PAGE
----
Materials and Methods Design and participants We conducted a statewide questionnaire based prospective study in the state of Maharashtra. Total of 243 postgraduate medical student with 179 males and 64 females, who are currently enrolled for MD (Internal Medicine) and MD (Pediatrics) degree course in various medical colleges under Maharashtra
Annals of Indian Academy of Neurology, October-December 2013, Vol 16, Issue 4
Gupta, et al.: Neurology as a career option among postgraduate medical students
University of Health Sciences were included in this study. As per the data available from websites of Ministry of Health and Family Welfare, Medical Council of India (MCI) and Directorate of Medical Education and Research there are approximately 500 seats of MD Internal Medicine and MD Pediatrics in the state of Maharashtra and our sample represents approximately 49% of this population. We included MD (Internal Medicine) as well as MD (Pediatrics) as students of both these specialties are further eligible for DM (Neurology).
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Materials A structured 13‑item questionnaire was designed to examine the student’s attitude toward neurology as their future career option. Questionnaire was administered in English language and validation of the questionnaire was done by using standard procedure on proportionate sample size. Questions were designed to get insight in to various reasons and factors to consider or reject neurology as their career, the level of neurological exposure they got during their graduation and post‑graduation, confidence in handling common neurological problems and ways to improve their neurological skills and exposure.
Figure 1: Factors for choosing neurology as career option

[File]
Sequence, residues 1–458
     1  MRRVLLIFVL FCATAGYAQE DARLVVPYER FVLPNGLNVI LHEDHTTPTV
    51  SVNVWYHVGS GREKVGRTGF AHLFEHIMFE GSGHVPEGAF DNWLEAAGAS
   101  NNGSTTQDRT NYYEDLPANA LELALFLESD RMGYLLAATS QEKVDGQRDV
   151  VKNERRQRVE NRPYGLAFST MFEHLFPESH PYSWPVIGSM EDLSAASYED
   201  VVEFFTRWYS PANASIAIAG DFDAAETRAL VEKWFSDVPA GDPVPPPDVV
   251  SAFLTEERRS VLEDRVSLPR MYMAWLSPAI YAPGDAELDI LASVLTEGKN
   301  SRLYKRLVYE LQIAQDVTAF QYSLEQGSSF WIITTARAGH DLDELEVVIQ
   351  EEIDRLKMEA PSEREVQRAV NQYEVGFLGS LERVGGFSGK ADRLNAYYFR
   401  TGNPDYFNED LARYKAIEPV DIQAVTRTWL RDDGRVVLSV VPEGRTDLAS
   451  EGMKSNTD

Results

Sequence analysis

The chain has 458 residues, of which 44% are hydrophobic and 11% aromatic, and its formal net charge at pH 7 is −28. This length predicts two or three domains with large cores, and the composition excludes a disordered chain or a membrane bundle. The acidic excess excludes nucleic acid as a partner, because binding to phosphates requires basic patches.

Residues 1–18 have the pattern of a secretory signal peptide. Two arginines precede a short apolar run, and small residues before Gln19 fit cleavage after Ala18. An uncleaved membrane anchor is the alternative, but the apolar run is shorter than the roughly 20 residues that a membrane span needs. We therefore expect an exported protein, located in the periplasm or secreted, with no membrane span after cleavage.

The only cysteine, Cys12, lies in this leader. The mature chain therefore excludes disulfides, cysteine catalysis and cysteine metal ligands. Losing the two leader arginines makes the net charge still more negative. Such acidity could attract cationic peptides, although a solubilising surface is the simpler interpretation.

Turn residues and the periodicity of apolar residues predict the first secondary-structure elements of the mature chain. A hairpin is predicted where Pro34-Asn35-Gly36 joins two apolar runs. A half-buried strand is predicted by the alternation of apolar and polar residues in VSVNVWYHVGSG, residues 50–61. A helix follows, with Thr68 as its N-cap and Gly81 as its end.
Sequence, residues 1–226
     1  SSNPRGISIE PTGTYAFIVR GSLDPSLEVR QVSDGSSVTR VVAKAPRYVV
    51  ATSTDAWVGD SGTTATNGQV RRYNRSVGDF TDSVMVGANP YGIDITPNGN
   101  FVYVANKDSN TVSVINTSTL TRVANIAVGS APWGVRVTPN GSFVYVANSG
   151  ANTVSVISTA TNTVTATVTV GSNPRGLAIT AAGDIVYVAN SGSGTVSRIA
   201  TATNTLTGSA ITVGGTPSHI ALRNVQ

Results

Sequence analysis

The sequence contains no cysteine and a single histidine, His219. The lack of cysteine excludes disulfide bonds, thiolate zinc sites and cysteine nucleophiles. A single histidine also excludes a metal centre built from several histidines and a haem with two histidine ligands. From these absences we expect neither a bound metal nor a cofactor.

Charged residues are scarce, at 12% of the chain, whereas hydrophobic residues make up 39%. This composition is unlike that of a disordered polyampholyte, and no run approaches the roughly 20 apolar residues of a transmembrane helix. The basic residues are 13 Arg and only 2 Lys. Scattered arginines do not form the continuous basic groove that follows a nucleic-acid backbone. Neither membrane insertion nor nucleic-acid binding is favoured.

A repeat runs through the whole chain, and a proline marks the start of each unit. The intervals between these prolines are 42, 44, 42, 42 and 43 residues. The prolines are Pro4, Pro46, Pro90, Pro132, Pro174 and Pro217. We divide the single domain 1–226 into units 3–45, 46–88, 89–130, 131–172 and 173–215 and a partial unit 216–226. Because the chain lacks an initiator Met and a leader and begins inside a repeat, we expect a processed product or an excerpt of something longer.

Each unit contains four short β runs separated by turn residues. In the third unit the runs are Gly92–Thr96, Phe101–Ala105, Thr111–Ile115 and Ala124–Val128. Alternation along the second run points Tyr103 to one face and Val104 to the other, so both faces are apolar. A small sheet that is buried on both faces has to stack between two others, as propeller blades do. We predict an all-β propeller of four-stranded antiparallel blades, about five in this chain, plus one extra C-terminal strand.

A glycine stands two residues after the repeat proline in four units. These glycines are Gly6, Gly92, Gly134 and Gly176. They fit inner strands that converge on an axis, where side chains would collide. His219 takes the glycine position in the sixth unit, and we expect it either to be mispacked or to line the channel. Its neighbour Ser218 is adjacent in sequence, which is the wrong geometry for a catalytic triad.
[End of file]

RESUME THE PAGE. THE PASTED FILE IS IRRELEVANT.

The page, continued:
Procedure Survey was conducted by a single observer visiting medicine and pediatrics department of various medical colleges of Mumbai, Pune, Sholapur, Miraj and Thane district. Self‑administered questionnaire was given to students who were present at the time of visit. Before inclusion into the study, all participants were assured that taking part in this study is voluntary and their anonymity was guaranteed.
Around, 60% of students reported insufficient neurology exposure in various conferences and continuing medical education programs that they have attended. Nearly, one‑third of students (31%) also felt that exposure to neurology was below average in our current MBBS and MD curriculum. Response to open labeled questions for evaluating the level and quality of neurological exposure given to students in their MBBS and MD curriculum are given in Figure 3. For starting short‑term (12 months) certification course in neurology
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When the two groups of students (neurology as 1 option and as the last option) were contrasted, the challenge that neurology posed was of importance (89%) and scored over the limited reversibility of neurological disorders. And reverse was the perception in those wanting to stay away from the neurology. st
Of 243 students enrolled in our study, 179 (74%) were males and 64 (26%) were females. While all students wanted to specialize in one of the six available specialties (Neurology, Cardiology, Gastroenterology, Endocrinology, Hemato‑oncology and Nephrology), 19% of the students chose neurology as their first career choice, additional 16% kept neurology as 2nd choice and 18% considered neurology to be the their last career option. Result of assessment of reasons for students opting for neurology as their career are documented in Figure 1 and analysis of factors that take students away from neurology are documented in Figure 2.
Figure 2: Factors for not choosing neurology as a career option
Neurology as career option among postgraduate medical students.
In the context of inadequacy of neurology workforce in India, it is important to understand factors that post-graduate medical students consider for a...